Living in the digital age has seen organisations integrate in-person and online services, ultimately maximising outputs, and profits. However, with increased levels of connectivity comes the threat of valuable company data being exposed by skilled cyberattacks.
These attacks can strip businesses of the prospective benefits that increased connectedness could provide, with research showing that the average global cost for a data breach skyrocketing from US$3.86 million in 2020 to US$4.24 million in 20211.
Organisations that are aware of the internal and external security threats they face can plan security practices more effectively to protect their data and their brand.
Konica Minolta has identified the six key IT security risks businesses face:
It is well known that the biggest threat to organisational security comes from the imperfect nature of human employees. These security breaches tend to fall into two main categories: disgruntled employees and uninformed employees. An employee that holds animosity towards an organisation often has the means to access sensitive data quicky and could run the risk of exposing networks or accounts to the public sphere.
Unintentional breaches from employees who are not technologically savvy or who simply make a mistake can cause equal amounts of damage through, for example, weak passwords or careless online behaviour. In both cases, having correct protocols and training in place is key in protecting critical business data.
2. Remote working
The rise of remote working as also created additional network threats. This can be through the misuse of personal devices or downloading sensitive information remotely via a network that has not been secured. Organisations are learning quickly that the hybrid workforce is here to stay, and most have begun exploring remote security options to keep employees safe regardless of working location.
3. Lack of security policies or disaster recovery plans
As the use of technology grows, some businesses have struggled to keep up with implementing organisational security policies and educating staff on the role they can play in keeping the business secure. A comprehensive policy should include everything from the key contacts to speak to in case of a breach to what employees must do to strengthen IT security from their end. Disaster recovery plans must also be developed to secure backup data, maintain business continuity, and minimise losses in the event of a man-made or natural disaster.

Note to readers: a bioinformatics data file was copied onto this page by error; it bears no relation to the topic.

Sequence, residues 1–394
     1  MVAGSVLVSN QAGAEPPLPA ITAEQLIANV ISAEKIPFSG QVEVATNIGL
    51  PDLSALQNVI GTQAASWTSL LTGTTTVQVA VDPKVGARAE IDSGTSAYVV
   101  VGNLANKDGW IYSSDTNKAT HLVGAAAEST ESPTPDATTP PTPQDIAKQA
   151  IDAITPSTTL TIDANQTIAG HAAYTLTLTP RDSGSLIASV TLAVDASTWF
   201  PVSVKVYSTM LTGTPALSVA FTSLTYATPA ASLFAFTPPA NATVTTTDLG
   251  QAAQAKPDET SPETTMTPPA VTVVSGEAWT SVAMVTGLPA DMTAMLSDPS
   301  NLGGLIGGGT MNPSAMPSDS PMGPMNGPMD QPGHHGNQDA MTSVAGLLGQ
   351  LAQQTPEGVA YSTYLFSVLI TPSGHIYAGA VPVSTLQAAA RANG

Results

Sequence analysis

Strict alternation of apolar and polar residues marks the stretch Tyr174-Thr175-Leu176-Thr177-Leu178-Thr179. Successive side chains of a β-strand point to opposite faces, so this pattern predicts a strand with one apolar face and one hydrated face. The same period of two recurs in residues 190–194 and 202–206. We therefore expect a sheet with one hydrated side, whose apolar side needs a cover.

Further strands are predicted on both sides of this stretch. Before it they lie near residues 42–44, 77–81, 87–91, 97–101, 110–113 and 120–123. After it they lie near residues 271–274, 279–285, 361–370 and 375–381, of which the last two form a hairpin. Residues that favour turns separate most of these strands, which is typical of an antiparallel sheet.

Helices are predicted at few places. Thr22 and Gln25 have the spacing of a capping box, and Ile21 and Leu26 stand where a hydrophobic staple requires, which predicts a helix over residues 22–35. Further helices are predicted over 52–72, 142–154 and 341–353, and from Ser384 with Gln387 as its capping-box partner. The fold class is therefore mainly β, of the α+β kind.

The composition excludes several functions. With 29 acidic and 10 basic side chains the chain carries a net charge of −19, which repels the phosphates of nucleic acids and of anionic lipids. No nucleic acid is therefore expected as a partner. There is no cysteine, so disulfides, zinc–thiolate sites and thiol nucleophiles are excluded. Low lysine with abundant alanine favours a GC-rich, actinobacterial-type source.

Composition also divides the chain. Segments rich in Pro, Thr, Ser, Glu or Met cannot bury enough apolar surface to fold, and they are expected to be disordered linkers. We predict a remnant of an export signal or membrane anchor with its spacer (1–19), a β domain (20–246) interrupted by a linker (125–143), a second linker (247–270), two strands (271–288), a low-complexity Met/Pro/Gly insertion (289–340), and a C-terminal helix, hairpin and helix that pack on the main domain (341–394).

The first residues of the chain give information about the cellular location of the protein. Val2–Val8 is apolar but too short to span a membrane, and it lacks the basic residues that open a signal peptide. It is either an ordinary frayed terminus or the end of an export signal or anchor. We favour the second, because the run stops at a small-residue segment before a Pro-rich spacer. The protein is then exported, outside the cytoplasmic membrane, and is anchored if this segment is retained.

4. Lack of understanding
The cyberthreat landscape is constantly changing and evolving. These fluctuations, combined with a perennial skills shortage in the IT security industry, mean companies often fail to understand exactly how their practices leave them vulnerable to cybercrime. Security risks are not always obvious, and it is essential to work with knowledgeable IT partners to ensure that the risks are both managed and communicated effectively with those in management.
5. Lack of funding, talent, and resources
Business growth can be expensive and, when budgeting for resources, many organisations see cybersecurity or IT support as a low priority. This is exacerbated by the distinct lack of cybersecurity specialists currently in the field, making it difficult to fill these roles. But the consequences of not investing in digital security measures can be dire should the organisation experience a data breach, so a business simply cannot afford to neglect security. While it may not be possible to add more internal security resources, organisations can partner with IT security experts in an affordable and highly effective way.
6. Evolving risks
Despite having all the best intentions and plans in place, as technology advances, additional risks can emerge that were not accounted for in previous protocols. Evolving threats can circumvent existing software and it is up to organisations to review and update their security posture regularly.
For more information on how to integrate existing technology and bolster your security posture, contact the team at Konica Minolta today.
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